MGM Home Entertainment
Cast: James Franco, Jennifer Decker, Jean Reno
Extras: Commentary Track, Deleted Scenes, Featurettes
Was it just me or was "Flyboys" flying completely under the radar when it hit theaters? It wasn't until the DVD showed up on my desk that I actually noticed this film and decided to give it a check up. I love movies about the early ace pilots of World War I, a time when you had to ask yourself what is really more dangerous, the war or the act of flying.
Loosely inspired by true events "Flyboys" tells the story of the Lafayette Escadrille, a small group of American pilots during World War I, who decided to help France in a war their own country hadn't even engaged in. It certainly took a certain character and panache to decide to go to war and risk your life for a country that isn't your own, and for some of the young men it was an escape or the opportunity for an adventure like no other.
Once in Verdun, these young Americans are trained to become pilots in double-decker planes. Among the recruits is Blaine Rawlings (James Franco) from Texas who quickly shows incredible talent and skills handling these airplanes and the people around him. Time after time they engage German fighters in the air during missions to protect their own bombers, attacking zeppelins, enemy installations and so forth. And every time they learn the hard lesson that war is gruesome, harsh and merciless, as one by one their own numbers are decimated until only a small handful remain.
"Flyboys" turned out to be a great cinematic experience with wonderfully choreographed dogfights. The fact alone to see World War I fighter planes soar through the skies engaging each other was a marvelous experience. It has a totally different feel and dynamic than modern jet fighters, of course, and the sense of how the enemy pilots actually connect on a personal level adds an incredible amount of drama to the events. These pilots are not anonymous entities, they are people that signal each other, that look into each others' eyes as they shoot and try to kill each other. Much of the aerial footage is computer generated but for the most part I have to admit it could have fooled me. It is incredibly well done und the physics as well as the models are rendered in such a convincing way that often it becomes impossible to tell which airplane is real and which has been computer-generated.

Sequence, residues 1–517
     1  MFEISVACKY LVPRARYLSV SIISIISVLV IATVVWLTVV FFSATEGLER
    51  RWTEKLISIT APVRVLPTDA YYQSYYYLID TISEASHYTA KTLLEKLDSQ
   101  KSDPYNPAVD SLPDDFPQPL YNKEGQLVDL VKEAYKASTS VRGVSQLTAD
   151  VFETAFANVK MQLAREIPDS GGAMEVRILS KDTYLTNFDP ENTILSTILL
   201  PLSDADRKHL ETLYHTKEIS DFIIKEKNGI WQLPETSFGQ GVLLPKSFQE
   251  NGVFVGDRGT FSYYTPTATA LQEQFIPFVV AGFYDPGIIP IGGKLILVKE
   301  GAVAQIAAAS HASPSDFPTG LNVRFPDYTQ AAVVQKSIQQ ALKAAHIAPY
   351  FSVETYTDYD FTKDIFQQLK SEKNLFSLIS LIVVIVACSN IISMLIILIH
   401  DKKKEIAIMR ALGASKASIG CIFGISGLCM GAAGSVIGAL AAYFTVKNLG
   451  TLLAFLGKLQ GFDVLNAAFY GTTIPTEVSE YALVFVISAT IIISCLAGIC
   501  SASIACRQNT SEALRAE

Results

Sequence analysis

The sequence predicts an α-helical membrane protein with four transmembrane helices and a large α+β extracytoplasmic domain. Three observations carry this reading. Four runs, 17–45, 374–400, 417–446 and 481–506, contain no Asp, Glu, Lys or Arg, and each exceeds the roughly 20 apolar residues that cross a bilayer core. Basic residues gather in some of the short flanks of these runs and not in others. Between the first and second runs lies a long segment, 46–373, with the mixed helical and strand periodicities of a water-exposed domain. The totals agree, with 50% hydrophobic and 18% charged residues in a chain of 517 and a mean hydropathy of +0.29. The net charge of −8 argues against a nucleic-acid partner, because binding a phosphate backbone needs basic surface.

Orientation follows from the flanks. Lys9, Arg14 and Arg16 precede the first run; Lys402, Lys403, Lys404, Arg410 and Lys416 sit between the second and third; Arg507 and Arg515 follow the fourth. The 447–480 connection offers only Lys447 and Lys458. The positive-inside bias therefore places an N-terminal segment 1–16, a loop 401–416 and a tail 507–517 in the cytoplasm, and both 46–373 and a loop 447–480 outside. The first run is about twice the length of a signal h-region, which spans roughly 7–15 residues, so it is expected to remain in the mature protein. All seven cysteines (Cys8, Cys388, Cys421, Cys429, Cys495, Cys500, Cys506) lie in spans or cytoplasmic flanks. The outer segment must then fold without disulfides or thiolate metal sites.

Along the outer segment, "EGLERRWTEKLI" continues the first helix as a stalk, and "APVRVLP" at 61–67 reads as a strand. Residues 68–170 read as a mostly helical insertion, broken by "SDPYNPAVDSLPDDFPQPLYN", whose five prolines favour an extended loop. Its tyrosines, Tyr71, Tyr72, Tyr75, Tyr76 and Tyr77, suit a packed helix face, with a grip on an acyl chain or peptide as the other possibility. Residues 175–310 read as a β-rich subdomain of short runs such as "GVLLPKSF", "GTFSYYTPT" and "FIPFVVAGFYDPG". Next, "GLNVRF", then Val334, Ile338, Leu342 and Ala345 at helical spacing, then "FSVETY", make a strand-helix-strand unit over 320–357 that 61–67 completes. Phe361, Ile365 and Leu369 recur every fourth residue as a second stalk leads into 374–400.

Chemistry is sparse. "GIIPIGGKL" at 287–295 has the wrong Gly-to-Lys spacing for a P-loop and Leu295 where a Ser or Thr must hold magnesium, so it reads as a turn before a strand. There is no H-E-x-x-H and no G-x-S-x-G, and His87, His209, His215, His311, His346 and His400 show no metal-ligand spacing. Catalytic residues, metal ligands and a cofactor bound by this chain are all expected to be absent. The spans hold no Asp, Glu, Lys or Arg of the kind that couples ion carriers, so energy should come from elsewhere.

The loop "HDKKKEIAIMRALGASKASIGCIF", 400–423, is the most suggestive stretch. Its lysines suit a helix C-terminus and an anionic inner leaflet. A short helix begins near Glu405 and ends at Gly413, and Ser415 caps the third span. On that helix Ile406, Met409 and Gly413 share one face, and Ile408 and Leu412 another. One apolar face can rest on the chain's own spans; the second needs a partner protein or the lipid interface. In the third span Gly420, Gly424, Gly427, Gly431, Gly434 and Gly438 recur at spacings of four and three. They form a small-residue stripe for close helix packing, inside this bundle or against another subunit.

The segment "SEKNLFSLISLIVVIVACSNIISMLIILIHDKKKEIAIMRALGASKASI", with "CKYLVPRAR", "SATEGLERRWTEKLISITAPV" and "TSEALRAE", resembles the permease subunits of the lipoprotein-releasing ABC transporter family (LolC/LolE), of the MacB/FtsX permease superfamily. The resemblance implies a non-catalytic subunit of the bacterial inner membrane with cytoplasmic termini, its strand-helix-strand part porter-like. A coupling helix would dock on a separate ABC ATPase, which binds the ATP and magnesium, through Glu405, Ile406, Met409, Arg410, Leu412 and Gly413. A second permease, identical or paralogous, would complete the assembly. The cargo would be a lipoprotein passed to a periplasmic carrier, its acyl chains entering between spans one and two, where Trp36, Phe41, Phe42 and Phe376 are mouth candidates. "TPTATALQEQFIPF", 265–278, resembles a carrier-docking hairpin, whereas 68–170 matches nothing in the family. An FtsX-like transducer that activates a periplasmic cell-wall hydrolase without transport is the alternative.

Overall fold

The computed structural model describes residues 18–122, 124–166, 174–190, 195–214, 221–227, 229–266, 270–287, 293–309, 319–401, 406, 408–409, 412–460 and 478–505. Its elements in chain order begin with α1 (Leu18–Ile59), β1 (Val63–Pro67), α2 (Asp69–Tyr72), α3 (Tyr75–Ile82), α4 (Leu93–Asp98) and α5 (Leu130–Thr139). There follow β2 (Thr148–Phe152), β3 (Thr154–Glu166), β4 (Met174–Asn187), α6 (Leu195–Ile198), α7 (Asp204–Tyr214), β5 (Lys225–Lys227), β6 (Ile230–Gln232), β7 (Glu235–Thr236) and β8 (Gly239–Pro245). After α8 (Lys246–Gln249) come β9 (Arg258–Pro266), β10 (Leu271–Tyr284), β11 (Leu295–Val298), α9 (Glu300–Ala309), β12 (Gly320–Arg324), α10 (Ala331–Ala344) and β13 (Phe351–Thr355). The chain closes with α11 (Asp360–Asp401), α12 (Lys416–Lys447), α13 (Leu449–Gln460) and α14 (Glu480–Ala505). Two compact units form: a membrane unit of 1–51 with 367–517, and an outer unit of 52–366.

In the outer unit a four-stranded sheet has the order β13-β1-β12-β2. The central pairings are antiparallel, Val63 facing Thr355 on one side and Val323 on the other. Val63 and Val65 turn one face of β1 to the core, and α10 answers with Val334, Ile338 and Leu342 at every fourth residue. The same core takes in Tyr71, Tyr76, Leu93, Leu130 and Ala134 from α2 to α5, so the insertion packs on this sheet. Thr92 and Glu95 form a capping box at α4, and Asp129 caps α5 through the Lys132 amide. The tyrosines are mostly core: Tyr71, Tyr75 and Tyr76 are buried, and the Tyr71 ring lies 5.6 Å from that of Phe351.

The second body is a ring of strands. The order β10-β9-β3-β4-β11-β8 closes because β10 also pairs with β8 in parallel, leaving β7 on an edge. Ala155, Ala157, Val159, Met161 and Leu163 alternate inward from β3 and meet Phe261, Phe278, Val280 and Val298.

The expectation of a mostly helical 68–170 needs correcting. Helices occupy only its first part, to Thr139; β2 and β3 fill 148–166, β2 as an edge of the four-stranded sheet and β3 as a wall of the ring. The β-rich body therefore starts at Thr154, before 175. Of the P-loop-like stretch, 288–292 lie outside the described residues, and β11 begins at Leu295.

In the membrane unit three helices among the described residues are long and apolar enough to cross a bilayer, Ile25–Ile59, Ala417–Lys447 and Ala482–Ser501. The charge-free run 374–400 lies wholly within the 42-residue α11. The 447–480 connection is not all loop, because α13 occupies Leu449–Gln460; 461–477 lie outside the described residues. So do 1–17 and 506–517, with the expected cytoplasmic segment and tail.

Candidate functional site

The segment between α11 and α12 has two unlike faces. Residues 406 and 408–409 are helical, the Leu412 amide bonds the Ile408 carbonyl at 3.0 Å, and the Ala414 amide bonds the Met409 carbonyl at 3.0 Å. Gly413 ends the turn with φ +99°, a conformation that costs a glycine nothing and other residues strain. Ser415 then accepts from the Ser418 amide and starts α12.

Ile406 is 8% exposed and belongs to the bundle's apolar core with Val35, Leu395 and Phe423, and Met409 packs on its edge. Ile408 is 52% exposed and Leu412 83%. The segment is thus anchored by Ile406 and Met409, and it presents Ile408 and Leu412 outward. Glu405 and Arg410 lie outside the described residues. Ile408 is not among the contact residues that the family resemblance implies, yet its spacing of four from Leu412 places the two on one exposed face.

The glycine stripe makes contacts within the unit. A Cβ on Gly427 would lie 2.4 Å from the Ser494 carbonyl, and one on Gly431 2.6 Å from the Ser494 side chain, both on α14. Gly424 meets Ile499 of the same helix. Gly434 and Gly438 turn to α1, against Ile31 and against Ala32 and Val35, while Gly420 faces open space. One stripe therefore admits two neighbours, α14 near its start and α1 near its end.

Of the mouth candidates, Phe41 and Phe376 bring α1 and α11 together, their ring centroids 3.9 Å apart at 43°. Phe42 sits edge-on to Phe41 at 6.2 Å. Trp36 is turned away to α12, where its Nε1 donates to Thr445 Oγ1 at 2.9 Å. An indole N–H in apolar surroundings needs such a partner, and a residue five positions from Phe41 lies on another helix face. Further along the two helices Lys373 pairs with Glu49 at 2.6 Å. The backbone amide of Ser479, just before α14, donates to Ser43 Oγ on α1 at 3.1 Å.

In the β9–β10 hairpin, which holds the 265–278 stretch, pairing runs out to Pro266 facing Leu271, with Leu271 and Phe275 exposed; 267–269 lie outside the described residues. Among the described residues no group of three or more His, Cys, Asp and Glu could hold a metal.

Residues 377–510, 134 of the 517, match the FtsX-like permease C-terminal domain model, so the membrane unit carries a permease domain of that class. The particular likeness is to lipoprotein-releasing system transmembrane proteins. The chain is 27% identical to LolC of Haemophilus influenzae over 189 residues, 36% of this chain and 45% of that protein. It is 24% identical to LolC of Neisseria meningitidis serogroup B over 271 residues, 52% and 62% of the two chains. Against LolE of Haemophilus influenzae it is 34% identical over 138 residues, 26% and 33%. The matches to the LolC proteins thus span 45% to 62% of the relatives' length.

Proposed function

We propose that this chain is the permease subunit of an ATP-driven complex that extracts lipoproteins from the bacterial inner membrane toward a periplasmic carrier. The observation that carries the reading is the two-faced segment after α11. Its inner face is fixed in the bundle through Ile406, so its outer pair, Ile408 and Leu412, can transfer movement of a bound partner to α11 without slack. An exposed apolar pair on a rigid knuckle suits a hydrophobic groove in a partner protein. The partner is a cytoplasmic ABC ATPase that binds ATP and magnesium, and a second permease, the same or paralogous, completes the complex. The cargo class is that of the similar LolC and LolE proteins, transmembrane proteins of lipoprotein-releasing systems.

While the dogfights are clearly the main attraction of "Flyboys" the story nicely supplements the film. A flourishing romance between Rawlings and Juliette (Jennifer Decker), a local French girl, helps to give the character a sense of purpose as he connects with the people he's actually fighting for. The dynamics among the pilots, rivalries, camaraderie, etc. helps to create drama in the plot, propelling things forward. It is all held together by great performances by the cast including a great Jean Reno as the captain of the escadrille.
[Note: After publishing this review we were informed by MGM that the copy we reviewed was a screener copy that is not representative for the final version and all technical comments would therefore not apply. Given the track record of quality of MGM and Fox, who is handling and authroing MGM's DVDs these days, I have decided to withdraw my previous comments and hold back on a verdict until the final version is actually available.]
The release is complemented by a 5.1 channel audio track that is solid and comes across as very dynamic. Sound effects are used aggressively throughout the discrete channels for maximum impact and you will hear sounds enveloping you from all directions. Dialogue is well integrated and is never drowned out by the music or the sound effects, thus always remaining understandable and clear.
The release comes complete with a commentary track that features director Tony Bill and producer Dean Devlin. I found the track to be well balanced and interesting as the two discuss the production of the film in the UK as well as their cast and, of course, history and the way it was brought to life on the screen with the help of computer generated imagery. The track is full of information and is never dry or too shallow to enjoy.
Also included are a few deleted scenes, which are in fact, extended scenes rather than completely new scenes. They nicely supplement the DVD as well as a quick look at the original Lafayette Escadrille and the special effects in the movie. Both featurettes are way too short to convey anything of relevance, really and turn out to be more of a disappointment than an asset.
"Flyboys" is a great movie that engaged and totally hooked me – in fact it could have gone on for another hour and I wouldn't have minded at all. The extras on the disc are decent enough, though for hard-core fans the 2-disc Special Edition may be the even more attractive version with additional supplements.